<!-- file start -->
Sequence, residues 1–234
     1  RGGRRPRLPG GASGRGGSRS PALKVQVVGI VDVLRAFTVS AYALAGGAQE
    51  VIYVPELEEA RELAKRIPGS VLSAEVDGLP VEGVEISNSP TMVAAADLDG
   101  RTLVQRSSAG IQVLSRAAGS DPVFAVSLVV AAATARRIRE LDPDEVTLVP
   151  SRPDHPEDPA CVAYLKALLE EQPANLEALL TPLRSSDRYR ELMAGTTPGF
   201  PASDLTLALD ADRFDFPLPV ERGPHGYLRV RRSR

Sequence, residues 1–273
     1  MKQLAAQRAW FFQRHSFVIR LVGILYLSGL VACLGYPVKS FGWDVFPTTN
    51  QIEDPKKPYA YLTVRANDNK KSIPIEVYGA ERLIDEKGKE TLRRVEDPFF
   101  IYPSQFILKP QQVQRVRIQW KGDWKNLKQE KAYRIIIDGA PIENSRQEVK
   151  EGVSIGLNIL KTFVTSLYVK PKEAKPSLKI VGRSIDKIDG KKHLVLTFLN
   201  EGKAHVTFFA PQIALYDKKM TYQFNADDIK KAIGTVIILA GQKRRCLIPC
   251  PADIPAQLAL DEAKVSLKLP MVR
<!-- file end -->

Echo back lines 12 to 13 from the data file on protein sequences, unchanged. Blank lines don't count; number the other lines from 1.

   201  EGKAHVTFFA PQIALYDKKM TYQFNADDIK KAIGTVIILA GQKRRCLIPC
   251  PADIPAQLAL DEAKVSLKLP MVR